Lawsuit filed in case of teen who died after eating spicy chip as part of online challenge

BOSTON — (AP) — A lawsuit was filed Thursday against Hershey, Walgreens and several others in the case of a Massachusetts teen who died after he participated in a spicy tortilla chip challenge that was widely promoted on social media.

Harris Wolobah, a 10th grader from the city of Worcester, died Sept. 1, 2023, after eating the Paqui chip as part of the manufacturer’s “One Chip Challenge.” An autopsy found Wolobah died after eating a large quantity of chile pepper extract and also had a congenital heart defect.

Harris died of cardiopulmonary arrest “in the setting of recent ingestion of food substance with high capsaicin concentration,” according to the autopsy from the Chief Office of the Medical Examiner. Capsaicin is the component that gives chile peppers their heat. The autopsy also said Harris had cardiomegaly, meaning an enlarged heart, and a congenital defect described as “myocardial bridging of the left anterior descending coronary artery.”

“Today we filed a wrongful death lawsuit on behalf of this wonderful family for the loss of their beloved son, Harris,” said Douglas Sheff, one of the attorneys representing the family in the lawsuit filed in Suffolk Superior Court. The lawsuit seeks a judgement determined by the court that would include punitive damages.

Sheff said the parties created “a perfect storm” that led to Wolobah's death that included Paqui producing the spicy chip and encouraging people to post videos of themselves eating the chip on social media while the lawsuit alleged Walgreens sold the “poisonous chip” to children.

“The defendants charged about $10 for each chip, $10 for the chip that killed Harris, $10 for his life,” Sheff said. “Isn’t it clear that these defendants knew full well that this chip was unreasonably dangerous? And isn’t this an obvious marketing campaign designed to attract kids to that very danger?”

Lois and Amos Wolobah, the parents of Harris, attended the news conference but did not speak. But at several points, Amos Wolobah appeared to become emotional and Lois seemed to blow a kiss to a photo that was shown of Harris.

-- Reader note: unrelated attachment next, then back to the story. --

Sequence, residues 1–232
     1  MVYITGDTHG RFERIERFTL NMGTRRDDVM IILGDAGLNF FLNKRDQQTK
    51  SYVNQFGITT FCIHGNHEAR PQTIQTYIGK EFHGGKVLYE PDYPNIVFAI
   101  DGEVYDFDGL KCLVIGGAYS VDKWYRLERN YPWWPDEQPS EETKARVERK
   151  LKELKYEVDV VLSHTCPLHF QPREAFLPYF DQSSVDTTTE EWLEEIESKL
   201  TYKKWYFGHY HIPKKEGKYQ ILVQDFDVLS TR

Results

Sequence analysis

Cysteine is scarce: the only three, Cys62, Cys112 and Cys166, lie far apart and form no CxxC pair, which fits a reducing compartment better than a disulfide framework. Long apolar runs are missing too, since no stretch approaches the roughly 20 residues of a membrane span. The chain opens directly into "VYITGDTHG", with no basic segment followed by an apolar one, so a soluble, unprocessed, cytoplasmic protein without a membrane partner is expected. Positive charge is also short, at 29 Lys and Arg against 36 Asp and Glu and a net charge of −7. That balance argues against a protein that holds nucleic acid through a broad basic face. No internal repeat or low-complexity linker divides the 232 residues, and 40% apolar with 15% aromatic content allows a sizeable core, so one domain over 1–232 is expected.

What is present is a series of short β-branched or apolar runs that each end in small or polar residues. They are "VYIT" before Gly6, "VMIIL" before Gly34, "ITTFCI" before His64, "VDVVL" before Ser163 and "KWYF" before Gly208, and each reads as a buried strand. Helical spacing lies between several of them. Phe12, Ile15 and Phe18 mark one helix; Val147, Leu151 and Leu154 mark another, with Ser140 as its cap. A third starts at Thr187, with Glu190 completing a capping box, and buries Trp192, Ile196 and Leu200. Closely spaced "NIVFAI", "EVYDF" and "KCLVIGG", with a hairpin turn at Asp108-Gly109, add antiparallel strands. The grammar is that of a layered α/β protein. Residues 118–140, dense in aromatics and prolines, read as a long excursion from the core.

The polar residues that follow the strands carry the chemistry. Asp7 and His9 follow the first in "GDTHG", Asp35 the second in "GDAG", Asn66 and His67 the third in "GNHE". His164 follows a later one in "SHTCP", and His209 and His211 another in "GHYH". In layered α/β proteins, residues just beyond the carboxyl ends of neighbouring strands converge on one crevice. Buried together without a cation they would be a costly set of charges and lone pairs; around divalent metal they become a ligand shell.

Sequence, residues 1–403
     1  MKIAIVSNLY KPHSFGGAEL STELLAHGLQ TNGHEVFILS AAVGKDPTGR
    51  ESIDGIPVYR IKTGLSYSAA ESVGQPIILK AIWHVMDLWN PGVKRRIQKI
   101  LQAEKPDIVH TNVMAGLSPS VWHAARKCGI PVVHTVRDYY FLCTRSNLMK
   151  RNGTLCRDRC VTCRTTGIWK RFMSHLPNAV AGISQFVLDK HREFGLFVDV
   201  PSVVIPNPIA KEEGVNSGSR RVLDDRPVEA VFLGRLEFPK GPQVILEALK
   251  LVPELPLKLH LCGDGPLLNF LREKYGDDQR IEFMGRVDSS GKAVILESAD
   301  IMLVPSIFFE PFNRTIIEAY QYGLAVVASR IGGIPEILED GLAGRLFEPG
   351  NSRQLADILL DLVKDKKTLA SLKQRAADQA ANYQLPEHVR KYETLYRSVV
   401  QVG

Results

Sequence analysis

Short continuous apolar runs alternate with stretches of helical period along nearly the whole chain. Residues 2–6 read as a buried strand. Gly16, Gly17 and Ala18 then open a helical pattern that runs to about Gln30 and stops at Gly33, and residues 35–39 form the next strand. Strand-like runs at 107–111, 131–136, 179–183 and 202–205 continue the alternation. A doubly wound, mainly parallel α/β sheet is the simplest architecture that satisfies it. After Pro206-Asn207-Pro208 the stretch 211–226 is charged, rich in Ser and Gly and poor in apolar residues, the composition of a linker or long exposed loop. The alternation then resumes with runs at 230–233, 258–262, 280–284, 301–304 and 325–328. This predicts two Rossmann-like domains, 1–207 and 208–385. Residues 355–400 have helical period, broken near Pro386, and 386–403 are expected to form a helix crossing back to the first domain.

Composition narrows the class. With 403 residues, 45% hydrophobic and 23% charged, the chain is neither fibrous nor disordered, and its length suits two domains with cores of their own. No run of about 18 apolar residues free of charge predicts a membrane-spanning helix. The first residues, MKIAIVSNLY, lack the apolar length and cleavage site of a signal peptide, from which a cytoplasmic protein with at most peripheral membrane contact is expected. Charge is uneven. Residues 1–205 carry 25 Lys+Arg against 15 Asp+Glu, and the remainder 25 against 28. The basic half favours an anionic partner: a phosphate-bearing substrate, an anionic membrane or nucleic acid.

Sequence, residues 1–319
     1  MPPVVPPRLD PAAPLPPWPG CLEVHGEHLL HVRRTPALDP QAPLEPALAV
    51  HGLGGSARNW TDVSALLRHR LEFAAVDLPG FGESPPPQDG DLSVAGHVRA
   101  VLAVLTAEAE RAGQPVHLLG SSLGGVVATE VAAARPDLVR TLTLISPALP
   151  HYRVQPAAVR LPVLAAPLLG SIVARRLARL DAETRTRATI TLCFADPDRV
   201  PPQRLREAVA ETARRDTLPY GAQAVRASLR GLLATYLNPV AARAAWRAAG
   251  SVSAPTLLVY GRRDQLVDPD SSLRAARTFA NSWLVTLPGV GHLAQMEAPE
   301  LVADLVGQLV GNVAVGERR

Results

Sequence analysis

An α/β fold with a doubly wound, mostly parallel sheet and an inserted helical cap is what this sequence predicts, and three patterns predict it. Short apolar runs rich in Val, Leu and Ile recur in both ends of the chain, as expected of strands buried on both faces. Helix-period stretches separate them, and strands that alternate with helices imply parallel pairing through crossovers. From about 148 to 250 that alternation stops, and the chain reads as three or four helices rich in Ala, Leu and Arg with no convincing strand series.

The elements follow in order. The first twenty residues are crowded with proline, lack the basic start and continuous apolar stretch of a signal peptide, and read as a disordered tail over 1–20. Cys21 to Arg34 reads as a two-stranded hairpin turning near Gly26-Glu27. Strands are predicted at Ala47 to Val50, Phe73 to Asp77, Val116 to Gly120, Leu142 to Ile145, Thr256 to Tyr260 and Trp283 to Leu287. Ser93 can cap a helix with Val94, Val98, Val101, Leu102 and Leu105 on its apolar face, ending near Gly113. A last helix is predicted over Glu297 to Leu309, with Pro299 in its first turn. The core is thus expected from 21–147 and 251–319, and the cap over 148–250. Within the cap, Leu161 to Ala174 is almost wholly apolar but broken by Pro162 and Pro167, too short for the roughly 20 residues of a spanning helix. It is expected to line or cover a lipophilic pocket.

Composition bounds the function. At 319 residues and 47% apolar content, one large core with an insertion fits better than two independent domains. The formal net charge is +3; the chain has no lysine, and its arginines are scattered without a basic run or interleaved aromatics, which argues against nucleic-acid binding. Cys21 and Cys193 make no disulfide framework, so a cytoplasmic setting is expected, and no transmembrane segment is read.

The autopsy said Harris Wolobah had cardiomegaly, meaning an enlarged heart, and a congenital defect described as “myocardial bridging of the left anterior descending coronary artery.” But Sheff was adamant that had nothing to do with his death.

“The chip is what killed him,” he said.

Paqui, a Texas-based subsidiary of the Hershey Co., has expressed its sadness about Wolobah's death but also cited the chip’s “clear and prominent labeling highlighting that the product was not for children or anyone sensitive to spicy foods or with underlying health conditions.”

The Paqui chip, sold individually for about $10, came wrapped in foil in a coffin-shaped box containing the warning that it was intended for the “vengeful pleasure of intense heat and pain.” The warning noted that the chip was for adult consumption only, and should be kept out of the reach of children. After seeing reports of teens and others not heeding those warnings, the company said it worked with retailers to “voluntarily remove the product from shelves in September 2023, and the One Chip Challenge has been discontinued.”

A spokesperson for Walgreens said it had no comment on the lawsuit while Hershey's did not immediately respond to a request for comment.

Despite the warning, children had no problem buying the chips, and there had been reports from around the country of teens who got sick after taking part in the chip-eating challenge. Among them were three California high school students who were taken to a hospital and seven students in Minnesota who were treated by paramedics after taking part in the challenge in 2022.

The challenge called for participants to eat the Paqui chip and then see how long they could go without consuming other food and water. Sales of the chip seemed largely driven by people posting videos on social media of them or their friends taking the challenge. They showed people, including children, unwrapping the packaging, eating the chips and then reacting to the heat. Some videos showed people gagging, coughing and begging for water and the lawsuit cites scores of examples of people becoming sick after eating the chip.

Harris Wolobah's death spurred warnings from Massachusetts authorities and physicians, who cautioned that eating such spicy foods can have unintended consequences. Since the chip fad emerged, poison control centers have warned that the concentrated amount could cause allergic reactions, trouble breathing, irregular heartbeats and even heart attacks or strokes.

Sheff said that the lawsuit aims to provide justice to the Wolobah family and serve as a warning ”to all those who endanger our children.”

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